project orders to specifically recover the losses. Customers (major
                            commands) sent project orders to the depot maintenance activity group
                            which then, in turn, billed for the amount on the orders to recover the
                            losses.



                            13
                             Since 1993, the defense working capital funds have experienced a cash shortage and have
                            had to advance bill customers for work not yet performed in order to ensure that the funds’
                            cash balances remained positive.




                            Page 21                              GAO/AIMD/NSIAD-00-38 Air Force Depot Maintenance
                  B-283840




                  To help Air Force customers pay the activity group their portion of the
                  losses related to current year work orders, the Air Force transferred
                  $134.6 million in fiscal year 1998 and $80.5 million in fiscal year 1999 from
                  its Procurement, Military Personnel and/or Research, Development, Test
                  and Evaluation appropriations to Air Force customers’ Operations and
                  Maintenance appropriation. According to Air Force officials, the remaining
                  $98.3 million in unbudgeted losses was related to prior year orders, the
                  work for which was performed in the current year. To pay the activity
                  group for these losses, Air Force customers used prior year funds that
                  financed the orders that were still available for obligation.



Conclusions       Over the past 5 years, the Air Force depot maintenance activity group has
                  not been able to meet its financial goal of operating on a break-even basis.
                  Even though the activity group increased its prices 39 percent, the activity
                  group reported losses of $623 million. These losses primarily occurred
                  because the Air Force did not develop accurate estimates of its expected
                  material costs, direct labor hours to be performed, and anticipated savings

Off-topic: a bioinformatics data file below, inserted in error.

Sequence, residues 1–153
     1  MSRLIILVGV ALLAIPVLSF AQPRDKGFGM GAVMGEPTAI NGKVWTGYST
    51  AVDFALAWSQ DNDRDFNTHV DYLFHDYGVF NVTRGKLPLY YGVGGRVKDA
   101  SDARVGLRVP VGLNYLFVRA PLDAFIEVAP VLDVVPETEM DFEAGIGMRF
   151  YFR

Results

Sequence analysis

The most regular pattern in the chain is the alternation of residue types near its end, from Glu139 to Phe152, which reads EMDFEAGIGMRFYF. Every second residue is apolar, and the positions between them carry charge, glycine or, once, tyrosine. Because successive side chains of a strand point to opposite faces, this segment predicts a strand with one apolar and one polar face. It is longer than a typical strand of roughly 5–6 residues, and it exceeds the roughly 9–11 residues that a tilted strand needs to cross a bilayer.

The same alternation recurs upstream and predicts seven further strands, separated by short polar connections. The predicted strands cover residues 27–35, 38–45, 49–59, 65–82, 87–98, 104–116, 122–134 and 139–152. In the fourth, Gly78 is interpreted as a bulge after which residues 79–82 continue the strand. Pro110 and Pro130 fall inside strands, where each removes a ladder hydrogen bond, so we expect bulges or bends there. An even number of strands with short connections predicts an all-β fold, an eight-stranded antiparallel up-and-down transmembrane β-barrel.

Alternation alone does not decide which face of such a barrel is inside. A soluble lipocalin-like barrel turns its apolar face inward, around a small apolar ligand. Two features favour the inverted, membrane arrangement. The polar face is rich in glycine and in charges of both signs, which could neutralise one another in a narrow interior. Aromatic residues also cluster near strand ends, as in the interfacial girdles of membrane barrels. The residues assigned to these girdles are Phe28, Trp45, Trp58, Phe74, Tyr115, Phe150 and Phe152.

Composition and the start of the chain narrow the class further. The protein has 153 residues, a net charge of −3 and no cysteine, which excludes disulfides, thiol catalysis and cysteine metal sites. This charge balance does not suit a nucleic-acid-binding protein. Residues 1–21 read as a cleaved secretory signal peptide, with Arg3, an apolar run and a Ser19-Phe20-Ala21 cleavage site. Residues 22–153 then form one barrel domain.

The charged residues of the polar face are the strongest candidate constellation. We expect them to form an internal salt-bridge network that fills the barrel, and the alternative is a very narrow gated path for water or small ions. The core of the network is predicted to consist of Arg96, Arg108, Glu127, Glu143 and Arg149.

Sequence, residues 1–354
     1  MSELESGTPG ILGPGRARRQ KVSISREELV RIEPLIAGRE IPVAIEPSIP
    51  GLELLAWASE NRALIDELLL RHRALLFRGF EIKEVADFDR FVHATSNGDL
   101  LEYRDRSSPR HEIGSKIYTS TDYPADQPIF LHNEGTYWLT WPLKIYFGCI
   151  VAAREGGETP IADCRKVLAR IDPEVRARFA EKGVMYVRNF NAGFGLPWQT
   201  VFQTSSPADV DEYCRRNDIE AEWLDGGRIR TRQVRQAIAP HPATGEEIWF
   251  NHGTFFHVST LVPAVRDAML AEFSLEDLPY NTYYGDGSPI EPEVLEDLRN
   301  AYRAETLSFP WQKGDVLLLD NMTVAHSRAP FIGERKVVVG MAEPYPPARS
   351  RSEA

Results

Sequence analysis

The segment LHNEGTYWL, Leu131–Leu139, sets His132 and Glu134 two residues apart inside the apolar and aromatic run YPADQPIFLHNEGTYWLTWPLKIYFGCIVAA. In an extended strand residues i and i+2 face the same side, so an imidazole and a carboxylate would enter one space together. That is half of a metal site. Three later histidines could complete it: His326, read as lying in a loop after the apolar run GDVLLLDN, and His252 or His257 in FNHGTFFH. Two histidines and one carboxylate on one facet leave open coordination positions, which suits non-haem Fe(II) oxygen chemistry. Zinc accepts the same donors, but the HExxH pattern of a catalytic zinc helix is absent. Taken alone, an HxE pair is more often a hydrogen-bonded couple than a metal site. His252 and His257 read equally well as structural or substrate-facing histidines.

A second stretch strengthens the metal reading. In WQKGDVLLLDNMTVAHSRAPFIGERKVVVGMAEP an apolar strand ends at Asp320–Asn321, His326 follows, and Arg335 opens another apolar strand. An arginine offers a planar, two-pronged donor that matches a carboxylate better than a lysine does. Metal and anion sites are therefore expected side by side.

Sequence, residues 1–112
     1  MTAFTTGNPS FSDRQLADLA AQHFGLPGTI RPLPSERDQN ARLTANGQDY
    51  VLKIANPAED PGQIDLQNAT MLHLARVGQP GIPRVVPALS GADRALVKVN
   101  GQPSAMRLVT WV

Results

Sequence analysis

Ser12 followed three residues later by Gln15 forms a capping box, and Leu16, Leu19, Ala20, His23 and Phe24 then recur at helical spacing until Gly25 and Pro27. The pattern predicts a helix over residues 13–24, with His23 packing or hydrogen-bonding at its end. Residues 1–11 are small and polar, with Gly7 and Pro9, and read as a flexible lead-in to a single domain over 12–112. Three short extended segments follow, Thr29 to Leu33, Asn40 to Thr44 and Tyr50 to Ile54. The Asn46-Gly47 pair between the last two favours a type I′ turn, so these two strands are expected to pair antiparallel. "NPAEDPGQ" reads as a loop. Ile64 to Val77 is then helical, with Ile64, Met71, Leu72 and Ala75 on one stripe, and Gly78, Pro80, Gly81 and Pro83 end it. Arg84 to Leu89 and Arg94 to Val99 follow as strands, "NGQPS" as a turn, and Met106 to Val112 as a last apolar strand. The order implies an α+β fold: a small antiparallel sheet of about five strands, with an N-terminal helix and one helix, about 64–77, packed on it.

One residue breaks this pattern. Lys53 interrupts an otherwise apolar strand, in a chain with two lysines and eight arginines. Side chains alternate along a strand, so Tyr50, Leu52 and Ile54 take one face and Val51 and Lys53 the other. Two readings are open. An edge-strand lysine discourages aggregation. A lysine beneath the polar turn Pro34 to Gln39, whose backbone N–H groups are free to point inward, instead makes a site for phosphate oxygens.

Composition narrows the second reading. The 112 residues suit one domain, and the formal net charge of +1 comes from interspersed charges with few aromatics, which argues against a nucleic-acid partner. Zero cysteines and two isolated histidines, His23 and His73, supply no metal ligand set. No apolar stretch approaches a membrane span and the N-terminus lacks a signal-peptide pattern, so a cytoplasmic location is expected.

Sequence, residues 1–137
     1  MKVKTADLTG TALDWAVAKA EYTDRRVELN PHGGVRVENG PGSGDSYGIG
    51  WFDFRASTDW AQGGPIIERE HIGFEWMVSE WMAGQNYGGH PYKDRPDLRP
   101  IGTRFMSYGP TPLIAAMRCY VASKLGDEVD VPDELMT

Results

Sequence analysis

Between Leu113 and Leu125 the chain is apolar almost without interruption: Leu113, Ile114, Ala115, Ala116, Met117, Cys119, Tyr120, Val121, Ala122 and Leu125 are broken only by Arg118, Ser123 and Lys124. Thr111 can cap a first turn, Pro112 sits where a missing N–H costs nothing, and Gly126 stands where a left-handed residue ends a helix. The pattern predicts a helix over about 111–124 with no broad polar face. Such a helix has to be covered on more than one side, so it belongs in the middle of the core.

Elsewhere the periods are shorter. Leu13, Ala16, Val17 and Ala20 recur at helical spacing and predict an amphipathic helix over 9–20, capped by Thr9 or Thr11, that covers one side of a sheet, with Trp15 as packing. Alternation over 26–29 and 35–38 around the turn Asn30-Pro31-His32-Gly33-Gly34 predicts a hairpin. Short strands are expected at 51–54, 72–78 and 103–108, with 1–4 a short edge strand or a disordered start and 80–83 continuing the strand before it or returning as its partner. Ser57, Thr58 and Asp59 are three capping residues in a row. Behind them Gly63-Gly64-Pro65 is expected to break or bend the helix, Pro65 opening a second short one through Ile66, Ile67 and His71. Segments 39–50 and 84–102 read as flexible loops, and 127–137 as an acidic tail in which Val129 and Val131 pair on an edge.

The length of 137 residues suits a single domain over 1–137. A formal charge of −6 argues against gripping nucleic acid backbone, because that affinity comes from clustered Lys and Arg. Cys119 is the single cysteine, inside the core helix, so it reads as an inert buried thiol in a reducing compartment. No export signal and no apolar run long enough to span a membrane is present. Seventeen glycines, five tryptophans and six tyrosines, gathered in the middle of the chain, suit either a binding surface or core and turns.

that were used in developing prices. Beginning in fiscal year 1998, the
                  Air Force began recovering losses in the year that they occurred. As a
                  result, the activity group will be closer to breaking even at the end of fiscal
                  year 1999 than it has in the past 5 years.

                  The Air Force is also beginning to implement management metrics to
                  develop a better understanding of why material costs are increasing and
                  how they can be better controlled. While this is a good step toward
                  ensuring that decisionmakers have the information they need to manage
                  the activity group as a business operation, it will be important for the group
                  to also develop metrics for other key factors such as workload, overhead
                  costs, and anticipated savings. Our subsequent review will assess the
                  effectiveness of existing metrics and provide additional perspective on the
                  need for other measures.



Agency Comments   Air Force officials provided comments on previous briefings on the results
                  of our work. These comments were incorporated in this report as
                  appropriate. In providing oral comments on this report, Air Force officials
                  agreed with our findings and conclusions.




                  Page 22                         GAO/AIMD/NSIAD-00-38 Air Force Depot Maintenance
B-283840




We are sending copies of this report to Representative Solomon P. Ortiz,
Ranking Minority Member, Subcommittee on Military Readiness, House
Committee on Armed Services; Senator John Warner, Chairman, and
Senator Carl Levin, Ranking Minority Member, Senate Committee on
Armed Services; Senator Ted Stevens, Chairman, and Senator Daniel K.
Inouye, Ranking Minority Member, Subcommittee on Defense, Senate
Committee on Appropriations; and Representative Jerry Lewis, Chairman,
and Representative John P. Murtha, Ranking Minority Member,
Subcommittee on Defense, House Committee on Appropriations. We are
also sending copies of this report to the Honorable William S. Cohen,
Secretary of Defense, and the Honorable F. Whitten Peters, Secretary of the
Air Force. Copies will also be made available to others upon request. If you
have any questions about this report, please call Mr. Greg Pugnetti,
Assistant Director, at (202) 512-6240. Other key contributors to this report
are listed in appendix I.

Sincerely yours,




Jack L. Brock, Jr.
Director, Governmentwide and Defense Information Systems
Accounting and Information Management Division




David R. Warren
Director, Defense Management Issues
National Security and International Affairs Division




Page 23                        GAO/AIMD/NSIAD-00-38 Air Force Depot Maintenance
Appendix I

GAO Staff Acknowledgements                                                                                  Appendx
                                                                                                                  Ii




                              Cristina Chaplain, Karl J. Gustafson, William A. Hill, Ron L. Tobias, and
                              Eddie W. Uyekawa made key contributions to this report.




(511663 and 709418)   Leter   Page 24                        GAO/AIMD/NSIAD-00-38 Air Force Depot Maintenance